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Blog Posts — May 1, 2020

Frequently Tax Optimize or Drift Away and Lose Tax Alpha

When clients invest in tax-managed investment strategies, their goal is to track the model portfolio, while harvesting as many losses as possible. The challenge, of course, is that these two requirements are at odds with one another. The act of loss harvesting requires selling some of the securities used to track the model portfolio. Hence, to reduce drift away from the model portfolio, other securities with similar characteristics must then be purchased. 

Since clients seek to harvest as many losses as possible, loss-harvesting trades must be made frequently. The question is, how frequently? And since clients require good tracking of the model portfolio, what should the risk level target be?

To answer the questions above, we must address the questions below:

  • What is the ideal tracking error to reduce model drift and allow for loss harvesting?
  • How frequently should the portfolio be rebalanced to achieve this?

As a first step, we need a way to measure the quality of potential solutions. But what? Total gains (or losses) realized? Some combination of total gains (or losses) and active return? Or, perhaps, some way of measuring the intrinsic value of short- and long-term gains (or losses)?

While total gains (or losses) realized is a valuable measure, it treats short-term and long-term taxes equally, which does not differentiate the tax impact between them. So, instead, how about treating the tax value of losses harvested as a credit, in much the same way as we treat taxes on capital gains as liabilities? This credit is basically equivalent to the taxes one would avoid paying in the future, thus increasing the portfolio’s return. For simplicity, we will call this tax alpha

Specifically, tax alpha incorporates the short- and long-term tax rates, combined with their respective net gains (or losses). In subsequent blogs, we will explore in detail the math and methodology to calculate tax alpha.

Now to the first question: What is the best rebalance frequency for a tax-managed investment strategy?

To answer the above, we ran numerous backtests to see what different rebalancing frequencies accomplish.

A total of 27 backtests was run using the Axioma Portfolio OptimizerTM from 12/31/2014-12/31/2019. The tests were conducted for nine different rebalancing frequencies and three different risk targets, using the STOXX® USA 900 Index as our model portfolio, and starting with cash. 

The three charts below summarize the nine rebalancing frequencies for the tracking risk targets of 10 bps, 25 bps and 50 bps. The frequency trade named Monthly After Wash Sale is a monthly rebalance the first day after the wash sale period.

  • Blue is the pre-tax active return of the portfolio relative to the STOXX USA 900
  • Orange is the tax alpha

As the rebalancing frequency increases, tax alpha increases, but then starts to flatten between monthly After Wash Sale to weekly frequencies. Monthly After Wash Sale and Weekly rebalancing seems to be generating the highest tax alpha in all three risk level targets, but it is marginal.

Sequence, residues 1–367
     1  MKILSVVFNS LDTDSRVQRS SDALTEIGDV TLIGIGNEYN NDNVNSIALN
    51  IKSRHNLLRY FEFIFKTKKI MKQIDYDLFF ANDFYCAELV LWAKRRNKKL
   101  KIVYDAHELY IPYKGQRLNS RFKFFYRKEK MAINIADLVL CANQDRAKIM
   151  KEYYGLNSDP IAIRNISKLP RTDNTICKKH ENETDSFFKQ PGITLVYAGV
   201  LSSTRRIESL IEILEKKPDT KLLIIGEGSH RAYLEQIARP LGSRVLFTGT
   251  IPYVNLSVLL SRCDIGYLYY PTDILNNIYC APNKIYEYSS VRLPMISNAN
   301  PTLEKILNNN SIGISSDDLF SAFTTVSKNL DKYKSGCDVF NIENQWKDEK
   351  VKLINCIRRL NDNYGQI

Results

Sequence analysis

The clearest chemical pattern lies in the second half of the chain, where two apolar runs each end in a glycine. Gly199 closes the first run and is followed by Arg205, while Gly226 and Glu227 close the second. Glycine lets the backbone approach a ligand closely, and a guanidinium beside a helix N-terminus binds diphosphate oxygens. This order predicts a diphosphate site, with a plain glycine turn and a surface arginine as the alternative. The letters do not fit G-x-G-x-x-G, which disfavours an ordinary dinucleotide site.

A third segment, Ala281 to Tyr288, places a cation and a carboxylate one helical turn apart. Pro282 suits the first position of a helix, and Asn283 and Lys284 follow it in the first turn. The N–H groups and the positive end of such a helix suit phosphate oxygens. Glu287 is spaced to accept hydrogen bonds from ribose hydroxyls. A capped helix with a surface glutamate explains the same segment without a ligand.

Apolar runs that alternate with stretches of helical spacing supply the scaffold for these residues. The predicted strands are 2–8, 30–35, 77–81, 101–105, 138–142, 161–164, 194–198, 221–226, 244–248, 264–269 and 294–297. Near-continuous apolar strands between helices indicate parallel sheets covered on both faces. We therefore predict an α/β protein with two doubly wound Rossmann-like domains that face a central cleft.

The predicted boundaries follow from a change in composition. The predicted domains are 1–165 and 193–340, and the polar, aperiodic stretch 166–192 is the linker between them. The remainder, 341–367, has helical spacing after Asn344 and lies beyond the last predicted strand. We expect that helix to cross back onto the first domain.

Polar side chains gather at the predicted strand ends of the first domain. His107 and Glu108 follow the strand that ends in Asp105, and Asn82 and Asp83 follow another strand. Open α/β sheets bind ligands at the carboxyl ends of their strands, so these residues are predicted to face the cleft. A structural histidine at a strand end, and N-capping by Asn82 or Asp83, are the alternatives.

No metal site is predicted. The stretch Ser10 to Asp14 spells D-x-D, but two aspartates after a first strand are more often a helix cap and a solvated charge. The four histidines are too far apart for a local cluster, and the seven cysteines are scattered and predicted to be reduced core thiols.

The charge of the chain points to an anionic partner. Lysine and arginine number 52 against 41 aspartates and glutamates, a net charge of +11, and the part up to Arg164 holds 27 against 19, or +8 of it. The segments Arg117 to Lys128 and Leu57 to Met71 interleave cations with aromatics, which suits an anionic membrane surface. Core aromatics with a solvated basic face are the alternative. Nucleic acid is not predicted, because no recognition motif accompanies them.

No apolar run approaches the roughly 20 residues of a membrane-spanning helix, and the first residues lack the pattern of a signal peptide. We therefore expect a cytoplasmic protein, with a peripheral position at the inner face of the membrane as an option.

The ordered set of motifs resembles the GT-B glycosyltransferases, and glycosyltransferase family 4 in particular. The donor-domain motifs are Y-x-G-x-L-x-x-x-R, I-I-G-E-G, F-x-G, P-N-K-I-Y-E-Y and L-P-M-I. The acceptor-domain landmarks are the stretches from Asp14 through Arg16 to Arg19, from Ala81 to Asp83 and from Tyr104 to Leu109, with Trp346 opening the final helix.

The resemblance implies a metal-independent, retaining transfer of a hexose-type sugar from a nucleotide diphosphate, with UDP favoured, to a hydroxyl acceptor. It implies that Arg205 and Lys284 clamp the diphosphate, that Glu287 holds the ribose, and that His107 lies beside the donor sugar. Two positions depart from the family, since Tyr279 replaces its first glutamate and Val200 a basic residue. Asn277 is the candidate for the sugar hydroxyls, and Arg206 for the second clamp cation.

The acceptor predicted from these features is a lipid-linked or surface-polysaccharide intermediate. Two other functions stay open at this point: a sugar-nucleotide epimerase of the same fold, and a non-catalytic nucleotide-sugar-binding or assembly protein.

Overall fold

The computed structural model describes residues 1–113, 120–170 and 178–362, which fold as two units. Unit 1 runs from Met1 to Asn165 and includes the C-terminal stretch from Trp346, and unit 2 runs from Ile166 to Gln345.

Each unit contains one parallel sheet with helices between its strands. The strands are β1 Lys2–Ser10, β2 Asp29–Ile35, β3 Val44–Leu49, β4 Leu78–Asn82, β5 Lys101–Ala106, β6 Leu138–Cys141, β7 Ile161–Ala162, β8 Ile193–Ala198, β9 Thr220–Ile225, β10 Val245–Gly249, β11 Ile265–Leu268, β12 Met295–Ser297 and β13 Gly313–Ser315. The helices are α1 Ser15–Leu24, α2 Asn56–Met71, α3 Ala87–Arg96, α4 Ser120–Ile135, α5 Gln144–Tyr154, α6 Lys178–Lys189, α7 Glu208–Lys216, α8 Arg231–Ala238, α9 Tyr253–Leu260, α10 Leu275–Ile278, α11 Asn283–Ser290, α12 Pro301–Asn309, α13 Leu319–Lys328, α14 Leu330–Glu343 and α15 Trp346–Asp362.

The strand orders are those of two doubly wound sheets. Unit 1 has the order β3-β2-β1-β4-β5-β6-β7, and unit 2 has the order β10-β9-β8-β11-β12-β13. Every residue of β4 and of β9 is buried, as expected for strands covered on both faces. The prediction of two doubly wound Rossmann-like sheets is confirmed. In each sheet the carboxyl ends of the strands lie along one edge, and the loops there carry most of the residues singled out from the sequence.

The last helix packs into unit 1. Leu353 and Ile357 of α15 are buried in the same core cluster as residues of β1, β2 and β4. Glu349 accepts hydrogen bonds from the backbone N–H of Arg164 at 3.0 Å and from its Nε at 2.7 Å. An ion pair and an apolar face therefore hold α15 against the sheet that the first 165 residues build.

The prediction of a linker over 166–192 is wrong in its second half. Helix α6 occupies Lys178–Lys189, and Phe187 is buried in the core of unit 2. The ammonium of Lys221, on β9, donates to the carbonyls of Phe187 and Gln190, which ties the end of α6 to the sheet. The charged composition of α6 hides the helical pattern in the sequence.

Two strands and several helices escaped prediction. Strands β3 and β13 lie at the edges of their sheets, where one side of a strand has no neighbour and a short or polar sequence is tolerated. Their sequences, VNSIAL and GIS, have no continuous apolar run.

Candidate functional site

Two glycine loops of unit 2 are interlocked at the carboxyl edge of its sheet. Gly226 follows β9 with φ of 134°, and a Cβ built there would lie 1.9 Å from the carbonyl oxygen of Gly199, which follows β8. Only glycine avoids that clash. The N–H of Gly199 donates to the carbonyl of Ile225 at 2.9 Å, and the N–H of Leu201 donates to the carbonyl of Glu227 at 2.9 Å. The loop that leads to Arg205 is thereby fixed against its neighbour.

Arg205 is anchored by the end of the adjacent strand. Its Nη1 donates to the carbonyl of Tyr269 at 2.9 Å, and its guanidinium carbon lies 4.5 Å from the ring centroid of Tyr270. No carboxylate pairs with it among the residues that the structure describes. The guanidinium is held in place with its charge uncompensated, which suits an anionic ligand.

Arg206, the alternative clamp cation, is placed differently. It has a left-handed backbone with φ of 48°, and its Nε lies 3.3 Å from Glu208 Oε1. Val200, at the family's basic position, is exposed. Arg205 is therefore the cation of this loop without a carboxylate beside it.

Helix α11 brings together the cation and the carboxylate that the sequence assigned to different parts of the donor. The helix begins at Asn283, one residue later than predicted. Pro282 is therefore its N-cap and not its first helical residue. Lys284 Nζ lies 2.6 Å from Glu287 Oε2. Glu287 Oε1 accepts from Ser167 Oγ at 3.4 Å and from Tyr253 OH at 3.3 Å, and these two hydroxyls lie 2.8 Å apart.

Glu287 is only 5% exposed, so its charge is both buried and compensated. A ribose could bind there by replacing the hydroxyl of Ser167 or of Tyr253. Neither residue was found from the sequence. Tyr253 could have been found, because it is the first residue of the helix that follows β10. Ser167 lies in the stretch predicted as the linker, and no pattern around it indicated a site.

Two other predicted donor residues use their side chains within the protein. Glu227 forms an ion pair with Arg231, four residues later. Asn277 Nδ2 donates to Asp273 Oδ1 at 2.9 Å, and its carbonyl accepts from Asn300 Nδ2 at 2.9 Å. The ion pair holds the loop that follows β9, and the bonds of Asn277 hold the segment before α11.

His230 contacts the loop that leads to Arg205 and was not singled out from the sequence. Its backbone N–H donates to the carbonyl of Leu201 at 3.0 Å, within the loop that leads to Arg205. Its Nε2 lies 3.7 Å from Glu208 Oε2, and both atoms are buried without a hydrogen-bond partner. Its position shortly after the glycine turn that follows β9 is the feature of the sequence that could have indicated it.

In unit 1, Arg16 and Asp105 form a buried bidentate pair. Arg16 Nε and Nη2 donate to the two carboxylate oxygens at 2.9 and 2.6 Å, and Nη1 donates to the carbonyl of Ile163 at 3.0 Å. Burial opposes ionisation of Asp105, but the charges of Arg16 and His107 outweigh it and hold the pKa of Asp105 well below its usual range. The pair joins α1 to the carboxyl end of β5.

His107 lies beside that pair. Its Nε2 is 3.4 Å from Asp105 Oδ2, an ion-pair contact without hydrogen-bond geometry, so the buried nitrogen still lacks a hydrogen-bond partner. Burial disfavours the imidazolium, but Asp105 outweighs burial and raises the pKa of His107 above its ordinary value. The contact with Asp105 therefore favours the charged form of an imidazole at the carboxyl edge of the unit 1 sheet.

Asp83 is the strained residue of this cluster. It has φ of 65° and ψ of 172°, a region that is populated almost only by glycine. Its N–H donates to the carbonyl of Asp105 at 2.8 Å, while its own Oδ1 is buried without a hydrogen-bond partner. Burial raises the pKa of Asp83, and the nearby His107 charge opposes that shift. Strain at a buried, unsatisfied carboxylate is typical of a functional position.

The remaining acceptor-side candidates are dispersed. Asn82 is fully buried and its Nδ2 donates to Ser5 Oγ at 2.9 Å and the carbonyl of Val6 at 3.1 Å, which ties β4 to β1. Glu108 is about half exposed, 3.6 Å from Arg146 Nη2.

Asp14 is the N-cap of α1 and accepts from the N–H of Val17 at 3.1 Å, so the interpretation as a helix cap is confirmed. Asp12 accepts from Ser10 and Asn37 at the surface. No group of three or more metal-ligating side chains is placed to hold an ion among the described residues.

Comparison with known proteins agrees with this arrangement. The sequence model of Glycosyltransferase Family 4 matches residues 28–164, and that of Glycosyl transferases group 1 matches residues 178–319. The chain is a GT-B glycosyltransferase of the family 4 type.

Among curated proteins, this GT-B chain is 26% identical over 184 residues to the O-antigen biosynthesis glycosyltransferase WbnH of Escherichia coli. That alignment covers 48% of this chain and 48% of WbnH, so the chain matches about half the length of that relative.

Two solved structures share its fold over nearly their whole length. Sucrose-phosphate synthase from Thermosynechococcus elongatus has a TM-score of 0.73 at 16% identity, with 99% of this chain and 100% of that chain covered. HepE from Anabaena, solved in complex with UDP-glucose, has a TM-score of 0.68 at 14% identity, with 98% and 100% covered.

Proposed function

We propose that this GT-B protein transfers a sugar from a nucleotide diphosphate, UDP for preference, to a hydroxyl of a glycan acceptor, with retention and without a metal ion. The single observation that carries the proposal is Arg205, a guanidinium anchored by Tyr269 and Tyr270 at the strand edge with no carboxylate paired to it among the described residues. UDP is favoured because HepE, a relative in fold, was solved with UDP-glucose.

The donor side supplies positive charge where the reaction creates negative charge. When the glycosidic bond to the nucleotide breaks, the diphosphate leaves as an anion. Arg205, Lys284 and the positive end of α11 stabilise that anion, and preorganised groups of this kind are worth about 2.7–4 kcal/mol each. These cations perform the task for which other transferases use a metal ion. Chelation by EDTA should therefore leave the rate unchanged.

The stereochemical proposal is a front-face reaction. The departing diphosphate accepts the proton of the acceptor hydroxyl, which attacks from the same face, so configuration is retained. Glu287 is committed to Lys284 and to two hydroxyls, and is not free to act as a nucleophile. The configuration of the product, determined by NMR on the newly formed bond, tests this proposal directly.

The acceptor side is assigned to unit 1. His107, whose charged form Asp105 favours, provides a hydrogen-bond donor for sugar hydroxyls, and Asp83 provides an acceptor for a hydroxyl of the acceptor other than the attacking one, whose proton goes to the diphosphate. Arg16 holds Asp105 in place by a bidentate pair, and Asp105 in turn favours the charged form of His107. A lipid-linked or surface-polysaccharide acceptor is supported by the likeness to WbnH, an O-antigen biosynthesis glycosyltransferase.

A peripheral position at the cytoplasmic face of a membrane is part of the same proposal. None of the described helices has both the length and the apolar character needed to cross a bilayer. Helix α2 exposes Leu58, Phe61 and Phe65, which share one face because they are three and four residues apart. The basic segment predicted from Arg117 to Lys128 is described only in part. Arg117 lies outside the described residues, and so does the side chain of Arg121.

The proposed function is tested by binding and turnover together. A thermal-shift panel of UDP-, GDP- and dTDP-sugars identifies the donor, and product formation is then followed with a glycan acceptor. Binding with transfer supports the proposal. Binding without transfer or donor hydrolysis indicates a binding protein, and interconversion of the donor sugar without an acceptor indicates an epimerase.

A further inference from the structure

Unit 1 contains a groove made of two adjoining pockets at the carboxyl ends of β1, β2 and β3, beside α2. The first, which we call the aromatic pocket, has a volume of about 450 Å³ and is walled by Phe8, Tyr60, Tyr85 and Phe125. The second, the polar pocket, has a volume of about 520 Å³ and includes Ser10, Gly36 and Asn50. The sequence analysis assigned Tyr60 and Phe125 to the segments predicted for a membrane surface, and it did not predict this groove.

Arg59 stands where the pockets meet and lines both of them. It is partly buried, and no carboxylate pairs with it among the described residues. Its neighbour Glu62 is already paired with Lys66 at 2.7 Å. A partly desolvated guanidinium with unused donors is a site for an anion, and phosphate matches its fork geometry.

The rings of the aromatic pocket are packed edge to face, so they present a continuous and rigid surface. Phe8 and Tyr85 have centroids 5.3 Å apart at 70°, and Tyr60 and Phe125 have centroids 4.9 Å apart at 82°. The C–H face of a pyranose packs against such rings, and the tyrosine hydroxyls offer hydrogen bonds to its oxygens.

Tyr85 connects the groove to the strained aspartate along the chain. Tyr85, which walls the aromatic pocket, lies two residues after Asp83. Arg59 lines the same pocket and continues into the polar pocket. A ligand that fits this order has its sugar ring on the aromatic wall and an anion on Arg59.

In short, the best rebalancing frequency is difficult to determine, but it is clear that it is more often than bi-monthly and less than daily. A prudent starting point for any tax-managed strategy would be to rebalance about once a month, right after the wash sale period ends.

Now to the second question: What is the best tracking error to use while also loss harvesting? Let’s focus on the monthly after wash sale frequency for this question to compare the results and see. 

In the example below, the 10 bps risk target resulted in a yearly tax alpha of 69 bps; the 25 bps risk target resulted in a tax alpha of 1.34%; and the 50 bps resulted in a tax alpha of 1.62%. Taking on 15 bps of tracking error for 65 bps of tax alpha definitely makes the 25 bps risk target more attractive. The 50bps risk target is far less attractive, since it requires taking on 25 bps of extra risk to get 28bps of tax alpha. Although the 50 bps in risk results in more tax alpha, the extra risk isn’t providing strong enough returns to justify that extra risk.

So, the ideal risk target for this strategy is likely between 25bps and 50 bps. That said, using a monthly after wash sale rebalance frequency with a 25 bps risk target results in a very healthy level of losses, while also tracking the model portfolio well.

Nine Rebalancing Frequencies for Tracking Risk Targets of 10 bps

Source: Axioma Portfolio Optimizer, STOXX USA 900 Index

Nine Rebalancing Frequencies for Tracking Risk Targets of 25 bps

Source: Axioma Portfolio Optimizer, STOXX USA 900 Index

Nine Rebalancing Frequencies for Tracking Risk Targets of 50 bps

Source: Axioma Portfolio Optimizer, STOXX USA 900 Index

Table 1 below summarizes the yearly pre-tax active return and tax alpha for the monthly rebalance with 25 bps of tracking error starting with cash. Not surprisingly, the largest tax alpha is in year 1. But the exciting result is in year 5, when a 42 bps tax alpha is achieved, while the benchmark returned over 31%.

Table 1

Source: Axioma Portfolio Optimizer, STOXX USA 900 Index

As shown in this example, tax-sensitive investors have many components to work through in order to adhere to client’s specific mandates and provide strong returns. Minimizing portfolio drift while also harvesting losses is a challenge, but it is possible to achieve with the right tools. Learn more about how our tax-managed investing solution can help you automate and scale your tax strategies.